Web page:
Mud Bay Bards founding member to participate in Shakespeare’s Way: a Journey of Imagination

The 146-mile trail that Shakespeare himself may have traversed starts in Stratford-upon-Avon

Sarah Brewer, a founding member Pier One Theatre’s Mud Bay Bards, departs for Europe in early September to participate in “Shakespeare’s Way: a Journey of Imagination,” a 146-mile walk that traces the route Shakespeare followed from home at Stratford-upon-Avon to the Globe theater where his plays were originally performed.

This year is the 400th anniversary of Shakespeare’s First Folio, a collection of 36 of his original plays.

Donations supporting Brewer’s participation in the event will benefit Shakespeare’s Hospice and Homer’s Pier One Theatre.

There are a few sections of the route that are revised due industrialization and landscape development in the past centuries, including, for example, the Heathrow Airport, according to Brewer.

Brewer will attend the event on her own. When she first talked to the Shakespeare’s Way Association, the organization that coordinates the event, “they were very excited to hear someone from Alaska might be attending.”

“I don’t think that happens often; it’s typically more of a local event,” she said.

Brewer said she came across the guidebook for the event three years ago at Title Wave Books in Anchorage and decided “one day I’m going to do this.”

“This Folio anniversary year seemed like a good time to make it happen.”

Brewer described the importance of the First Folio collection.

It was constructed by his contemporaries several years after Shakespeare’s death and “is one of the sole reasons we still have access to some of those plays like ‘The Scottish Play’ or ‘Midsummer Night’s Dream’,” Brewer said.

“At the time, playwrights didn’t publish the same way we do now. Scripts were often kept in private so that compositions weren’t stolen and produced by other theater companies and groups.”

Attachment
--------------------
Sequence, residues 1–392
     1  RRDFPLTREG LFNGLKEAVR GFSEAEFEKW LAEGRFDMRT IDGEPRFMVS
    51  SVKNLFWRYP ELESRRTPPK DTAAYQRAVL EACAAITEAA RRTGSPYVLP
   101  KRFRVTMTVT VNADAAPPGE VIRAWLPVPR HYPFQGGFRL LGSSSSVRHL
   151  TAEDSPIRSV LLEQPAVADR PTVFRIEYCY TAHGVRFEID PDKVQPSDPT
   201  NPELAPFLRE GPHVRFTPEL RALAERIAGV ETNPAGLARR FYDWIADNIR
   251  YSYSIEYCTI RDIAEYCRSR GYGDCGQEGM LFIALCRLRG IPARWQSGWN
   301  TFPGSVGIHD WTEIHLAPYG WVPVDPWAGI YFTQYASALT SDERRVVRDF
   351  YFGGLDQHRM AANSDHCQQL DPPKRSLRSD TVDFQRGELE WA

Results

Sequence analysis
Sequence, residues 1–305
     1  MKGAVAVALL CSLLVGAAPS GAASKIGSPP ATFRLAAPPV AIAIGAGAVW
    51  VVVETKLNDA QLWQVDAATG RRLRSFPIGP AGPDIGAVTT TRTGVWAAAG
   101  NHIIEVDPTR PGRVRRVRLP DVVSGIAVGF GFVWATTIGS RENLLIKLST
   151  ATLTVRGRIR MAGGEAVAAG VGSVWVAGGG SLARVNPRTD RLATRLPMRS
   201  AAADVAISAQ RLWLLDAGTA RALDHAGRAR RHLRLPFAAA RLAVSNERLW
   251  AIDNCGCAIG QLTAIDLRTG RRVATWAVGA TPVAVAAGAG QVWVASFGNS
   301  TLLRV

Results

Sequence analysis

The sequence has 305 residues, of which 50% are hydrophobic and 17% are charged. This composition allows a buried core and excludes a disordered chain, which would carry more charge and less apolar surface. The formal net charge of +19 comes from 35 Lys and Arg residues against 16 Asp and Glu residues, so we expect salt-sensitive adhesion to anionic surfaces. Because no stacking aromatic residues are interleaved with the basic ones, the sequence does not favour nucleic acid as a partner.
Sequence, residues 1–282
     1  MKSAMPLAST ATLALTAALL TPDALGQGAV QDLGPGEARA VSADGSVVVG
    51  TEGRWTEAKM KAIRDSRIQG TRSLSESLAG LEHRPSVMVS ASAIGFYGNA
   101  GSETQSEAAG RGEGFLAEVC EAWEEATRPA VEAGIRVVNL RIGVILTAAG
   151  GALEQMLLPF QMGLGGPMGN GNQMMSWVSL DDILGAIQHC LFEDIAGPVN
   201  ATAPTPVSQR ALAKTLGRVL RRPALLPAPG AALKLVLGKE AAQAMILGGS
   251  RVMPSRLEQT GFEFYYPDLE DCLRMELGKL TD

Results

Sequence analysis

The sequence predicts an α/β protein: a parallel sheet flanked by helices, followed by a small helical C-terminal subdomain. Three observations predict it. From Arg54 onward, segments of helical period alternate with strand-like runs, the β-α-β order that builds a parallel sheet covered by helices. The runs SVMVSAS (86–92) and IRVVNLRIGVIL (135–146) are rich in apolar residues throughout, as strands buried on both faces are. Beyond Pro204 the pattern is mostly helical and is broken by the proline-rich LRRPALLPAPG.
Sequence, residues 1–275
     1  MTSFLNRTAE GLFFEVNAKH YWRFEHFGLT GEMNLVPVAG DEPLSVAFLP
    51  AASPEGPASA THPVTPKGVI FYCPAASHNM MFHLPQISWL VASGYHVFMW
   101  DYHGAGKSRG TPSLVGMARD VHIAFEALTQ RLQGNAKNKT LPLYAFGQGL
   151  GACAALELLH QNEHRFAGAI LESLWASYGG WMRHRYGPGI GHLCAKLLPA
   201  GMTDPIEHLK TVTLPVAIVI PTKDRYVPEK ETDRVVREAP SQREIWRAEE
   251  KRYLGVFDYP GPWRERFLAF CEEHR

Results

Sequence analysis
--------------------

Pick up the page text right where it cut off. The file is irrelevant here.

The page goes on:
Brewer’s personal background in theater began with the Fairbanks Shakespeare Theatre. The organization holds an annual event called the Bard-A-Thon, during which they take one week and read everything Shakespeare had ever written for 24 hours a day.

“As a 16-year-old we would go and buy bags of food, bring a sleeping bag and read as much Shakespeare as we could until we couldn’t keep our eyes open anymore. The organization would set up partitions where you go sleep for awhile and then wake up and start reading some more. That event is so romantically ingrained in my formative years. Later, as an adult, I started performing for the company in their plays,” Brewer said.

The company is now located on the University of Alaska Fairbanks campus.

The Fairbanks event is what Brewer used to construct Homer’s “Second Sunday Shakespeare” events. It’s a collaboration between Friends of Homer Library, Pier One Theatre and the Kachemak Bay campus. Members of the community can join together at the campus or by Zoom and read a play scheduled for each month. The next reading will not take place until November but information can be found on the city website at

For “Shakespeare’s Way,” Brewer plans to complete the trail in 10 days. She has arranged to stay at small inns and taverns along the way.

The end of the trail, the Globe Theater, was reconstructed in 1997 by American-born actor and director Sam Wannamaker, according to Brewer.

Part of Brewer’s fundraising efforts for the walk will go toward Pier One Theatre and the Mud Bay Bards, the branch of the theater responsible for continued production of local Shakespeare performances. The rest will go to Shakespeare’s Hospice, the beneficiaries of Shakespeare’s Way Association.

Donations can be made at the Pier One Theatre office or the Homer Book Store.